At 510, manifest manipulator 102 inserts the metadata payload in the manifest for client device 104. For example, the metadata payload may be inserted into a position in the manifest associated with the event and with a reference to the alternate content.

FIG. 6 depicts a simplified flowchart 600 of a method for using a manifest at client device 104 according to one embodiment. At 602, client device 104 receives the manifest that includes the links to segments of the video and also the metadata payload. The manifest may also have links to advertisements inserted at ad breaks in the video. At 604, client device 104 selects links to the video.

At 606, client device 104 reaches an ad break in the video and selects an advertisement to play. At 608, assuming the metadata payload was inserted into the manifest, client device 104 detects the metadata payload using the identifier that was placed in the manifest. Client device 104 may be configured to detect identifiers in the manifest, such as the SERVER_RESPONSE identifier or any of the identifiers described above. Client device 104 may also detect URLs inserted into the manifest with the identifiers.

At 610, client device 104 executes the value associated with the identifier. For example, a path may be associated with the identifier. In one example, if client device 104 plays an advertisement to the end, client device 104 executes a link that records the advertisement was watched to the end.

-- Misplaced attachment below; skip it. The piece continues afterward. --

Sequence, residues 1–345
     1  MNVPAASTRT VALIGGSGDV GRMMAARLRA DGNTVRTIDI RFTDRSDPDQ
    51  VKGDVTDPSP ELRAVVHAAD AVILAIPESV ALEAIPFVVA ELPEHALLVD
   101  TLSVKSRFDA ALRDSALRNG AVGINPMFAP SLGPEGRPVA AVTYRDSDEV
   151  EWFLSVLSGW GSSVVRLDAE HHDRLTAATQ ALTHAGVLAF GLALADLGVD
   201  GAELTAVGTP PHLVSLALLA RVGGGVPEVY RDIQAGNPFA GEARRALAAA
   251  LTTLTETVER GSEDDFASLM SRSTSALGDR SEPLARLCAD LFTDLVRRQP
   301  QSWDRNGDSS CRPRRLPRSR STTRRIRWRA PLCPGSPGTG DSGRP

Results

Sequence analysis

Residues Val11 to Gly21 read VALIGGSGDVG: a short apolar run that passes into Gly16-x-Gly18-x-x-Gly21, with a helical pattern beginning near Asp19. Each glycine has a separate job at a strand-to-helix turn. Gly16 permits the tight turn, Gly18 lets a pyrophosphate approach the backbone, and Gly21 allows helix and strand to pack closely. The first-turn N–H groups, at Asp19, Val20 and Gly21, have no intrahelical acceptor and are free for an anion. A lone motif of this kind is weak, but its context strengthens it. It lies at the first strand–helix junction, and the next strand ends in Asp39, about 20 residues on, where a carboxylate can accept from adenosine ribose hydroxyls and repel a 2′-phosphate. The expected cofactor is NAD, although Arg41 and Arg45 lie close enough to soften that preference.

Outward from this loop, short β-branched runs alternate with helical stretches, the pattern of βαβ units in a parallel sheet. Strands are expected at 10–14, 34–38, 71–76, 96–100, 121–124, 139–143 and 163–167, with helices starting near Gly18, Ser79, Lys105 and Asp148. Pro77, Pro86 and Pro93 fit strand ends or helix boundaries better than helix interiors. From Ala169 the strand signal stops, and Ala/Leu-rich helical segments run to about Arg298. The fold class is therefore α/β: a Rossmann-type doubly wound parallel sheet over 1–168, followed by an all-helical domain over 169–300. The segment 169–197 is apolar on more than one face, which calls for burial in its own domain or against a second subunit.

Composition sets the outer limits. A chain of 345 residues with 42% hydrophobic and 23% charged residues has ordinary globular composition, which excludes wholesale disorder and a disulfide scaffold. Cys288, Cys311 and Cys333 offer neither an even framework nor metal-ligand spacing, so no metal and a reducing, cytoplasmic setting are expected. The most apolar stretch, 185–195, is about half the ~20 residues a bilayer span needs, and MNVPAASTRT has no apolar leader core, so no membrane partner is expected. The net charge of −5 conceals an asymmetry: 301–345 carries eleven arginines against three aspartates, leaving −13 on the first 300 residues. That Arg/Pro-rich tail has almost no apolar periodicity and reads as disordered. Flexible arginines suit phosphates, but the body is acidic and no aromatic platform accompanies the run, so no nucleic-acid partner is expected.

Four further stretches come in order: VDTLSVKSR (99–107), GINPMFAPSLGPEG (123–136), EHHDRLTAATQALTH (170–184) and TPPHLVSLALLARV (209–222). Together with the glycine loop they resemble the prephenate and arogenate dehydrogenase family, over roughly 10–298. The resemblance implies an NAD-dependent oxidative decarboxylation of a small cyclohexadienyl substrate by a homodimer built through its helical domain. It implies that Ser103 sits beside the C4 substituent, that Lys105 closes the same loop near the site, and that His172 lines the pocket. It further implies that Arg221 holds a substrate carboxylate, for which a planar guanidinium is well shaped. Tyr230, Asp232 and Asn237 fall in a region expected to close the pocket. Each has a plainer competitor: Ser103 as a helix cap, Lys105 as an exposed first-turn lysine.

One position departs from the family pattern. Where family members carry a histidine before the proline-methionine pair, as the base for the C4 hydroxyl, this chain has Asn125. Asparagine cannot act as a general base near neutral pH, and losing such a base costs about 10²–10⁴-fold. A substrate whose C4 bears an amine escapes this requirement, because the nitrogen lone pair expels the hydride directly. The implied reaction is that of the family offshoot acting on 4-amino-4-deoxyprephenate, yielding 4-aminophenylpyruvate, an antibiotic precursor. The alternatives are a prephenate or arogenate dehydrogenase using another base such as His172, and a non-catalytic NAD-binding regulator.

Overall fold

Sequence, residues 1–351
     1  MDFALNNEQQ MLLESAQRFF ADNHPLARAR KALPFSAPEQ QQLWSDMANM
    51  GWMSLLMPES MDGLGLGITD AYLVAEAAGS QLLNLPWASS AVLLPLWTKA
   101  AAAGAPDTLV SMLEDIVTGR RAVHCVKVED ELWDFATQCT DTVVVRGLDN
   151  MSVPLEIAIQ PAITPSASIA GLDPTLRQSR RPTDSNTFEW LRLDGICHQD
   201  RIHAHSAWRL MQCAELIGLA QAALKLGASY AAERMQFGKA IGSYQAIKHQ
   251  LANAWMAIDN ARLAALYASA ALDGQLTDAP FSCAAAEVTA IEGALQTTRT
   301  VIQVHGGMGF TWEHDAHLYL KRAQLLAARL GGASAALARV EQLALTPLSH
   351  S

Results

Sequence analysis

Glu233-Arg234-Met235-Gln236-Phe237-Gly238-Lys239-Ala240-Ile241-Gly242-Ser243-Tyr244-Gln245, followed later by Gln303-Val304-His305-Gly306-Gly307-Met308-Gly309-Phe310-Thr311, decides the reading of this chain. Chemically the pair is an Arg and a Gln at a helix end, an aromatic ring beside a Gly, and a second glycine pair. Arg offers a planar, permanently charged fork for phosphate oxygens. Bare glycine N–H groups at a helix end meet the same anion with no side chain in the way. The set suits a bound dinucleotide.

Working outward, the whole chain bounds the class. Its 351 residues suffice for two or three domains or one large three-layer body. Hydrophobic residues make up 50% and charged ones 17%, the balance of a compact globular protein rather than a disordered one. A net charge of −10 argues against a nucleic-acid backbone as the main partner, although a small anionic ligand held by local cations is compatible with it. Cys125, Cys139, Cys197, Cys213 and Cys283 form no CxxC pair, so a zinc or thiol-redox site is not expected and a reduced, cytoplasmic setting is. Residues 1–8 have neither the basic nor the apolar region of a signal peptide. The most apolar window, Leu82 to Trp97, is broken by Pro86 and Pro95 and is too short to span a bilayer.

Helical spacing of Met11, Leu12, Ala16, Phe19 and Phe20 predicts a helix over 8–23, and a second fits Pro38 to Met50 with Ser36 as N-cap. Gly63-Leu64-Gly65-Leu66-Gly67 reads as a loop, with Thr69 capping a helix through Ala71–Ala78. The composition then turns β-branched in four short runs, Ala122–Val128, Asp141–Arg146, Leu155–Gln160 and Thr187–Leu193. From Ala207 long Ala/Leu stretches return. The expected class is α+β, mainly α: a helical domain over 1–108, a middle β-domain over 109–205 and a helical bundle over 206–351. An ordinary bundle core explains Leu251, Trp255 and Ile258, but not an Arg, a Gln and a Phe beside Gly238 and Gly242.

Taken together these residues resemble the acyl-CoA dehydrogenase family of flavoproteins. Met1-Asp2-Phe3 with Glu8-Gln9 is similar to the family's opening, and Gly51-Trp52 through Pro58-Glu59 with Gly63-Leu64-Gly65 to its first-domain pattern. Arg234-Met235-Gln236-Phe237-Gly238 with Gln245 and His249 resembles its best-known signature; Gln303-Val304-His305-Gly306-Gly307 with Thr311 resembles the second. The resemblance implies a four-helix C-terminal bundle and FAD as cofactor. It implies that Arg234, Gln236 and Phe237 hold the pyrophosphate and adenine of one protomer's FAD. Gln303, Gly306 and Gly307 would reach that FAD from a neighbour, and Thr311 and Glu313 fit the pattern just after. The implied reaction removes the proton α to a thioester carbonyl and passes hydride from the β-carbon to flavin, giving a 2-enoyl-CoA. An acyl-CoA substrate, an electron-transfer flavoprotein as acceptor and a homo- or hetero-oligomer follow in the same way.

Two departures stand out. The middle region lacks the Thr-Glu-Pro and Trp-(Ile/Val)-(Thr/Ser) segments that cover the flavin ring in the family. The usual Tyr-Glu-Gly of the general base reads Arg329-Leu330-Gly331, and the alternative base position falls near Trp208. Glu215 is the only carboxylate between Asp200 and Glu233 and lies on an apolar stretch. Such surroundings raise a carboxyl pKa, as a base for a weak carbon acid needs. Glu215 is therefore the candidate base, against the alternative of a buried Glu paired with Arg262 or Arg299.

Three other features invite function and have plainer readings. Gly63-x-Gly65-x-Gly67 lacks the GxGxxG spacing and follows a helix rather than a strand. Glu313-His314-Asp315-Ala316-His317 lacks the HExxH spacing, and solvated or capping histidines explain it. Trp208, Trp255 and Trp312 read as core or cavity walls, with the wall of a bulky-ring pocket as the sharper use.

System

FIG. 7 illustrates an example of a special purpose computer systems 700-1-700-3 configured with manifest manipulator 102 according to one embodiment. In one embodiment, computer system 700-1 describes manifest manipulator 102. Also, computer system 700-2 describes client device 104. Only one instance of computer system 700 will be described for discussion purposes, but it will be recognized that computer system 700 may be implemented for other entities described above, such as origin server 106.

Computer system 700 includes a bus 702, network interface 704, a computer processor 706, a memory 708, a storage device 710, and a display 712.

Bus 702 may be a communication mechanism for communicating information. Computer processor 706 may execute computer programs stored in memory 708 or storage device 708. Any suitable programming language can be used to implement the routines of particular embodiments including C, C++, Java, assembly language, etc. Different programming techniques can be employed such as procedural or object oriented. The routines can execute on a single computer system 700 or multiple computer systems 700. Further, multiple computer processors 706 may be used.

Memory 708 may store instructions, such as source code or binary code, for performing the techniques described above. Memory 708 may also be used for storing variables or other intermediate information during execution of instructions to be executed by processor 706. Examples of memory 708 include random access memory (RAM), read only memory (ROM), or both.

Storage device 710 may also store instructions, such as source code or binary code, for performing the techniques described above. Storage device 710 may additionally store data used and manipulated by computer processor 706. For example, storage device 710 may be a database that is accessed by computer system 700. Other examples of storage device 710 include random access memory (RAM), read only memory (ROM), a hard drive, a magnetic disk, an optical disk, a CD-ROM, a DVD, a flash memory, a USB memory card, or any other medium from which a computer can read.